The name “Dalai Lama”, by which the lineage later became known throughout the non-Tibetan world, was thus established and it was applied to the first two incarnations
He studied at Drepung and became its abbot but being a non-Tibetan he met with opposition from some Tibetans, especially the Karma Kagyu who felt their position was threatened
by these emerging events; there were several attempts to remove him from power.
By 1642, a strategy that was planned and carried out by his resourceful chagdzo or manager Sonam Rapten with the military assistance of his devoted disciple Gushri Khan, Chieftain
of the Khoshut Mongols, enabled the ‘Great 5th’ to found the Dalai Lamas’ religious and political reign over more or less the whole of Tibet that survived for over 300 years.
This caused Sonam Rabten who became the 5th Dalai Lama’s changdzo or manager, to seek more active Mongol patronage and military assistance for the Gelugpa while the Fifth
was still a boy.
 The 1st Dalai Lama soon became Abbot of the greatest one, Drepung, and developed a large popular power base in Ü.
 He attracted many students and disciples ‘from Kashmir to China' as well as major patrons and disciples such as Gongma Nangso Donyopa of Droda who built a monastery
at Zhekar Dzong in his honour and invited him to name it and be its spiritual guide.
 It was called the Ganden Phodrang, a name later adopted by the Tibetan Government, and it served as home for Dalai Lamas until the Fifth moved to the Potala Palace
 Gendun Gyatso continued to travel widely and teach while based at Tibet’s largest monastery, Drepung and became known as ‘Drepung Lama’, his fame and influence spreading
all over Central Asia as the best students from hundreds of lesser monasteries in Asia were sent to Drepung for education.
 Gendun Drup was said to be the greatest scholar-saint ever produced by Narthang Monastery and became ‘the single most important lama in Tibet’.
He died on the way, in 1634 but his vassal Choghtu Khong Tayiji, continued to advance against the Gelugpas, even having his own son Arslan killed after Arslan changed
sides, submitted to the Dalai Lama and become a Gelugpa monk.
 Thus the Dalai Lamas became pre-eminent spiritual leaders in Tibet and 25 Himalayan and Central Asian kingdoms and countries bordering Tibet and their prolific literary
works have “for centuries acted as major sources of spiritual and philosophical inspiration to more than fifty million people of these lands”.
“ Avalokiteśvara’s “Dalai Lama master plan” According to the 14th Dalai Lama, long ago Avalokiteśvara had promised the Buddha to guide and defend the Tibetan people
and in the late Middle Ages, his master plan to fulfill this promise was the stage-by-stage establishment of the Dalai Lama theocracy in Tibet.
 In 1415 Gendun Drup met Tsongkhapa, founder of the Gelugpa school, and became his student; their meeting was of decisive historical and political significance as he was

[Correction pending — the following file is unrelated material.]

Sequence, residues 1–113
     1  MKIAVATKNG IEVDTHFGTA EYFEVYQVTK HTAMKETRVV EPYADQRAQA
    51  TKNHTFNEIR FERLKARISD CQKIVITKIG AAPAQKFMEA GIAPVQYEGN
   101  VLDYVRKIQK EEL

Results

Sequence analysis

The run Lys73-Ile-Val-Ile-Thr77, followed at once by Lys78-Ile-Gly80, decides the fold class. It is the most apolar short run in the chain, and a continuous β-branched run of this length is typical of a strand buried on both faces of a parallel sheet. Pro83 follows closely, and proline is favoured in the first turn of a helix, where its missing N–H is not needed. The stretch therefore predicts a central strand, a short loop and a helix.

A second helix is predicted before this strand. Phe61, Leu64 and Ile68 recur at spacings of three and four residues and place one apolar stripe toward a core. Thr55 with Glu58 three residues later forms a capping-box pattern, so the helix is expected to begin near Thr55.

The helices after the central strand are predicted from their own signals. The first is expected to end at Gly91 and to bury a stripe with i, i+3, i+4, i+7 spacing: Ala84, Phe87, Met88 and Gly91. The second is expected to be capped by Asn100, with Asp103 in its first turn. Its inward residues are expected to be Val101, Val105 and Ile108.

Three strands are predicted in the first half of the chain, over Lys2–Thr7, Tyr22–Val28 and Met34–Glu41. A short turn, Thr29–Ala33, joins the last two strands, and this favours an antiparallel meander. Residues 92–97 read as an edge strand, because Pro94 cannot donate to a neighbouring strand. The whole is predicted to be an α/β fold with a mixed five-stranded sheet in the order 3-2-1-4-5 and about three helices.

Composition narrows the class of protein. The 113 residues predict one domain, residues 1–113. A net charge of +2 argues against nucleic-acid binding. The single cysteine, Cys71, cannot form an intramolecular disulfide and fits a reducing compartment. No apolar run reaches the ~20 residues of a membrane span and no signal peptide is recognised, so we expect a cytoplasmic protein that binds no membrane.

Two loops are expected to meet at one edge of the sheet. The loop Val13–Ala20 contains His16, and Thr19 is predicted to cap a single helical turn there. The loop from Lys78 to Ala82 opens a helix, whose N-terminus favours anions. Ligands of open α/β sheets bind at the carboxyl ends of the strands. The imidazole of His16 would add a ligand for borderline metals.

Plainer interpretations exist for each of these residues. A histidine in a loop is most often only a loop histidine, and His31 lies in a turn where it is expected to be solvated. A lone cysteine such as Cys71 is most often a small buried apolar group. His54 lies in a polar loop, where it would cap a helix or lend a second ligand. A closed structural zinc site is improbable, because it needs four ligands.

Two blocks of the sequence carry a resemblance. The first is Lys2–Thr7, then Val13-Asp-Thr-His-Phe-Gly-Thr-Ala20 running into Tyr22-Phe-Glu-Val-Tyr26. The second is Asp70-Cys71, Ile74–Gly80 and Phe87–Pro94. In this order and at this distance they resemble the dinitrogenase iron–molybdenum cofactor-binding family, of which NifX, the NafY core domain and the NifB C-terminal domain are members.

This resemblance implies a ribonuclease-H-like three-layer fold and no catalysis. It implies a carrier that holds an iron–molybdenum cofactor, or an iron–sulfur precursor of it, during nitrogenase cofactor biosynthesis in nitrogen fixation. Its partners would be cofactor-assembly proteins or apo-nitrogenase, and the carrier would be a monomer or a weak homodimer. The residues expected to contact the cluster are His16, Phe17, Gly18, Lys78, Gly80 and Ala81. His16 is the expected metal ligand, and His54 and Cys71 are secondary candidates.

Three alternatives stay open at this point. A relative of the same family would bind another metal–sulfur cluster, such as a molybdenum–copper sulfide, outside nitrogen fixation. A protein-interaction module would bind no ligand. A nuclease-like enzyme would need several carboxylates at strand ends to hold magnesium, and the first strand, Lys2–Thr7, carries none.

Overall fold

later to be known as the 1st Dalai Lama.
Dalai Lama is a title given by the Tibetan people to the foremost spiritual leader of the Gelug or “Yellow Hat” school of Tibetan Buddhism, the newest and most dominant of
the four major schools of Tibetan Buddhism.
 A brilliant scholar and teacher, he had the spiritual maturity to be made Abbot of Drepung, taking responsibility for the material and spiritual well-being
of Tibet’s largest monastery at the age of nine.
 Through hard work he became a leading lama, known as ‘Perfecter of the Monkhood’, ‘with a host of disciples’.
 Therefore, although Gendun Drup grew to be a very important Gelugpa lama, after he died in 1474 there was no question of any search being made to identify his incarnation.
Although he had served for some years as Tashilhunpo’s abbot, he therefore moved to central Tibet, where he was invited to Drepung and where his reputation as a brilliant
young teacher quickly grew.
Thus most of Mongolia was added to the Dalai Lama’s sphere of influence, founding a spiritual empire which largely survives to the modern age.
 By 1571, when Altan Khan received a title of Shunyi Wang (King) from the Ming dynasty of China and swore allegiance to Ming, although he remained de facto quite
independent,: 106 he had fulfilled his political destiny and a nephew advised him to seek spiritual salvation, saying that “in Tibet dwells Avalokiteshvara”, referring to Sonam Gyatso, then 28 years old.
: 23 History In Central Asian Buddhist countries, it has been widely believed for the last millennium that Avalokiteśvara, the bodhisattva of compassion, has a special
relationship with the people of Tibet and intervenes in their fate by incarnating as benevolent rulers and teachers such as the Dalai Lamas.
 By now widely regarded as one of Tibet’s greatest saints and scholars he was invited back to Tashilhunpo.
 In fact, according to the “Birth to Exile” article on the 14th Dalai Lama’s website, he is “the seventy-fourth in a lineage that can be traced back to a Brahmin boy who
lived in the time of Buddha Shakyamuni.
 He also stayed in Kongpo and Dagpo and became known all over Tibet.
Once there, in Kham, he founded two more great Gelugpa monasteries, the first in 1580 at Lithang where he left his representative before going on to Chamdo Monastery where
he resided and was made Abbot.
 His influence grew so quickly that soon the monks at Sera Monastery also made him their Abbot and his mediation was being sought to prevent fighting between political